KIEV, Ukraine – Towering over his fellow protest leaders, Vitali Klitschko, the reigning world heavyweight boxing champion, has emerged as Ukraine’s most popular opposition figure and has ambitions to become its next president.
Thanks to his sports-hero status and reputation as a pro-Western politician untainted by Ukraine’s frequent corruption scandals, the 6-foot 7-inch Klitschko has surpassed jailed former Prime Minister Yulia Tymoshenko in opinion polls.
As massive anti-government protests continue to grip Ukraine, the 42-year-old boxer-turned-politician is urging his countrymen to continue their fight to turn this ex-Soviet republic into a genuine Western democracy.
“This is not a revolution. It is a peaceful protest that demands justice,” Klitschko told the Associated Press in an interview Wednesday. “The people are not defending political interests. They are defending the idea of living in a civilized country.”
Despite earning a doctorate in sports science, Klitschko has had to fight a stereotype of being intellectually unfit to run this economically troubled nation of 46 million.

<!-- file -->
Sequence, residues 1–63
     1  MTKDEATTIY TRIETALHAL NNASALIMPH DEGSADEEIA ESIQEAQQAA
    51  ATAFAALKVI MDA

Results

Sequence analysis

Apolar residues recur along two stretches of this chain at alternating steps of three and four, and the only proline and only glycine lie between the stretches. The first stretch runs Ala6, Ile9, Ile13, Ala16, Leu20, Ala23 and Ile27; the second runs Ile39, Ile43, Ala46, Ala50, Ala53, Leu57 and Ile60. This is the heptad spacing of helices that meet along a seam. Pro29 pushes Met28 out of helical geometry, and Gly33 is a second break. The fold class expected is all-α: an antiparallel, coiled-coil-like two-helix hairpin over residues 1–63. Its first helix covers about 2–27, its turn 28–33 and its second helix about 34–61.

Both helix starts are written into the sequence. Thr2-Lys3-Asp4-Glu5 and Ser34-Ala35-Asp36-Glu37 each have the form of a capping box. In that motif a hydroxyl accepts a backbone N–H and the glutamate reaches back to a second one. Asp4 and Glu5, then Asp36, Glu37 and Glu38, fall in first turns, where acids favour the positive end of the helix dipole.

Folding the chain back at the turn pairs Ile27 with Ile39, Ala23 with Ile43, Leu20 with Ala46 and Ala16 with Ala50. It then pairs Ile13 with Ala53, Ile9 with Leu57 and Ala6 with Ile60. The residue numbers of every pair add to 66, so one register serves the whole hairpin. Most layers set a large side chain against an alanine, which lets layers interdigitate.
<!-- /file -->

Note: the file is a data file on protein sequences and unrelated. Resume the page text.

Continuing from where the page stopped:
Having been raised – like many Ukrainians – in a Russian-speaking family, Klitschko only recently learned Ukrainian and sometimes struggles to find the right word. Still, he appeals to many Ukrainians with his air of sincerity and his image as a handsome tough guy ready to defend his compatriots.
“He is a national hero and comes across as being decent,” said Andreas Umland, assistant professor of European studies at the Kyiv Mohyla Academy.
Klitschko was one of only a few opposition politicians who tried to stop several hundred radical protesters from storming President Viktor Yanukovych’s office during a demonstration Sunday that drew hundreds of thousands to the streets of the capital, Kiev. As the boxer called for peace, the jubilant crowd chanted his name.
The angry protests were sparked by the president’s abrupt decision last month to ditch a political and economic treaty with the 28-nation European Union in favor of closer economic ties with Russia, which had threatened Ukraine with trade consequences if the country signed the EU deal.
On Wednesday, his party joined two other opposition parties in blockading the Ukrainian parliament as part of a nationwide strike.
Klitschko made his first foray into politics during the country’s 2004 Orange Revolution, the mass protests that led to the annulment of Yanukovych’s fraud-tainted presidential win and ushered in a pro-Western government. Fresh from a victory in the ring in the United States, Klitschko flew to Kiev and appeared in the heart of those protests wearing an orange scarf, the symbol of the revolution.
After two failed attempts to be elected mayor of Kiev, Klitschko entered national politics last year when his pro-Western Udar party – Punch in English – finished a strong third in the parliamentary election, running on a reform and anti-corruption platform.